Civil and Military Gazette

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The Civil and Military Gazette
Type Daily newspaper
Publisher E.A. Smedley
Founded 1872 (1872)
Ceased publication August 31, 1963
Headquarters Lahore, British India (later Pakistan)

The Civil and Military Gazette was a daily English language newspaper founded in 1872 in British India. It was published from Lahore, Simla and Karachi, some times simultaneously, until its closure in 1963.[1]


The Civil and Military Gazette
Type Daily newspaper
Associate editor Rudyard Kipling (1882-1887)
Founded 1872 (1872)
Ceased publication September 13, 1963
Headquarters Lahore, British India (later Pakistan)
The Civil and Military Gazette
Type Daily newspaper
Founded 1872 (1872)
Ceased publication February 12, 1949
Headquarters Simla, British India (later India)
The Civil and Military Gazette
Type Daily newspaper
Founded February 3, 1949 (1949-02-03)
Ceased publication March 31, 1953
Headquarters Karachi, British India (later Pakistan)

The Civil and Military Gazette was founded in Lahore and Simla in 1872. It was a merger of The Mofussilite in Calcutta, and the Lahore Chonicle and Indian Public Opinion and Panjab Times in Lahore.[1][2] The Lahore and Simla editions of the paper continued to be published concurrently until 1949, when the Simla branch was closed.

The Civil and Military Gazette began publishing in Karachi a week before its branch in Simla closed. However, the CMG in Karachi was very short lived, the publication lasting a mere 4 years.

During the CMG's publication in Lahore, Simla, and Karachi, the frequency of publication changed thrice as follows:

Date changed Until Frequency of Publication Branches affected
January 2, 1929 November 14, 1932 Daily (except Tuesday) Lahore, Simla
November 15, 1932 December 27, 1932 Daily Lahore, Simla
June 1, 1945 October 24, 1949 Daily (except Monday) Lahore, Karachi

Notable staff members[edit]

Rudyard Kipling[edit]

The Civil and Military Gazette is possibly most notable for being the workplace of renowned British author and poet, Rudyard Kipling. It was referred to by Kipling as his "mistress and most true love."[3]

Kipling was assistant editor of the CMG, a job procured for him by his father, who was curator of the Lahore Museum ,[4] when it was decided that he lacked the academic ability to get into Oxford University on a scholarship.[5]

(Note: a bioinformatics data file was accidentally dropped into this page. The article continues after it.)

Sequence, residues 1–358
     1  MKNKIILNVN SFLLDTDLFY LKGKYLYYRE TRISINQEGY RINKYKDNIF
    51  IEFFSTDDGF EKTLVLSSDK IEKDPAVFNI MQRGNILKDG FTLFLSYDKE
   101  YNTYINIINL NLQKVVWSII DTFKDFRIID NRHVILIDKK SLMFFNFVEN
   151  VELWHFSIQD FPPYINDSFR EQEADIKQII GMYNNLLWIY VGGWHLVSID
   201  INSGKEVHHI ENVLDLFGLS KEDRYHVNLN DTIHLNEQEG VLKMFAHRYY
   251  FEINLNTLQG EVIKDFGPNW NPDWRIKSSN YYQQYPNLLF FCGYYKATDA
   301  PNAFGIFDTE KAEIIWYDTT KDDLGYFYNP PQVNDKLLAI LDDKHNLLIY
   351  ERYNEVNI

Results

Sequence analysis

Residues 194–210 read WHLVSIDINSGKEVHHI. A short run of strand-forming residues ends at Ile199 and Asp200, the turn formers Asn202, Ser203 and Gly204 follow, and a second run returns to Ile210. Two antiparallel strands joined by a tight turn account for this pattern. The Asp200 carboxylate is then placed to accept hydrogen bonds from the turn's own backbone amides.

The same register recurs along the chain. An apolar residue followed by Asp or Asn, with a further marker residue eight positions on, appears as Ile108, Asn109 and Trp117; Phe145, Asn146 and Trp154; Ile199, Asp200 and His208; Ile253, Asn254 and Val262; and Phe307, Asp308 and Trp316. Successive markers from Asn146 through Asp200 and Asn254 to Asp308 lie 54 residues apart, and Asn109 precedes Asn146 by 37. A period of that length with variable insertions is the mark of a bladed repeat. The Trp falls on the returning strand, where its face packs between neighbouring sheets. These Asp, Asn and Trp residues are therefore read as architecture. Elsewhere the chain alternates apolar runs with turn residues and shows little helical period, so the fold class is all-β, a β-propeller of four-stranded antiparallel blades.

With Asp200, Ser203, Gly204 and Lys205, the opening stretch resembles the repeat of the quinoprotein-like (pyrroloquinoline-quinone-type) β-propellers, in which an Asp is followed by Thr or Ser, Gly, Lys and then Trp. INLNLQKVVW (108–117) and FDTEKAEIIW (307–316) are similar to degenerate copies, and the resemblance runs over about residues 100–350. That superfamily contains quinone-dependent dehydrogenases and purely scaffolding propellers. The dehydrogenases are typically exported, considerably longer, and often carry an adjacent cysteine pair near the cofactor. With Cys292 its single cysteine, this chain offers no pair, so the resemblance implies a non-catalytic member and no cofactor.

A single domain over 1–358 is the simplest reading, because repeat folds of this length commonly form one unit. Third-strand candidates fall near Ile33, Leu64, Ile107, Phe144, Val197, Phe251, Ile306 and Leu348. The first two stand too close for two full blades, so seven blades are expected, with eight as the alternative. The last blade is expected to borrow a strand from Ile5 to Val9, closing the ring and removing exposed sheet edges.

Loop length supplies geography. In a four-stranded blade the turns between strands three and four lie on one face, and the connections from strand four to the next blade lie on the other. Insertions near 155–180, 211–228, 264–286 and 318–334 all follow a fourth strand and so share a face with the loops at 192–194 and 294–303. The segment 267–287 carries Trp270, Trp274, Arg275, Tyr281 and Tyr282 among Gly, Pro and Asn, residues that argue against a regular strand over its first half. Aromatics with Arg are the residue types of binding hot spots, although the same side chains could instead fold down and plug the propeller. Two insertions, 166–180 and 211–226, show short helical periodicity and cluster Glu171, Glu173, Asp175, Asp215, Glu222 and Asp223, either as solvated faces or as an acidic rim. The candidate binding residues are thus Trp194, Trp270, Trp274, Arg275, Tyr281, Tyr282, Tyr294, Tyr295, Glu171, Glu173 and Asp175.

When Kipling joined the staff at the Lahore CMG in 1882, the editor-in-chief was Stephen Wheeler. 1886 brought a change of editors at the newspaper. Kay Robinson, the new editor, allowed more creative freedom and Kipling was asked to contribute short stories to the newspaper.[6] His first collection of short stories, Plain Tales from the Hills, contained 28 stories that had initially found publication in the CMG.[7]

Rudyard Kipling eventually left the Civil and Military Gazette in 1887, to move to its sister-newspaper in Allahabad, The Pioneer.[4]

Mahbub Jamal Zahedi[edit]

Mahbub Jamal Zahedi joined the Civil and Military Gazette in 1963, at a time when its last branch, situated in Lahore, was about to cease publication. He served there for only a few months, before he moved to Dawn in Karachi.[8]


  1. ^ a b Asiamap: Archives, Retrieved September 10, 2010.
  2. ^ Indian English through newspapers: By Asima Ranjan Parhi, Retrieved September 11, 2010.
  3. ^ Kipling, Rudyard (1935). "Something of myself". public domain. Retrieved 2008-09-06. also: 1935/1990. Something of myself and other autobiographical writings. Cambridge University Press. ISBN 0-521-40584-X.
  4. ^ a b Vicyorianweb.Org: Ruyard Kipling Chronology, Retrieved September 11, 2010.
  5. ^ Carpenter, Henry and Mari Prichard. 1984. Oxford Companion to Children's Literature. pp. 296–297. ISBN 0-19-860228-6
  6. ^ Rutherford, Andrew (1987). Introduction to the Oxford World's Classics edition of "Plain Tales from the Hills", by Rudyard Kipling. Oxford University Press. ISBN 0-19-281652-7
  7. ^ Carpenter, H. and M. Prichard. 1984. The Oxford Companion to Children's Literature, Oxford University Press, Oxford and New York. ISBN 0-19-860228-6
  8. ^ MJ Zahedi no more The Daily Star 26 December 2008. Retrieved September 11, 2010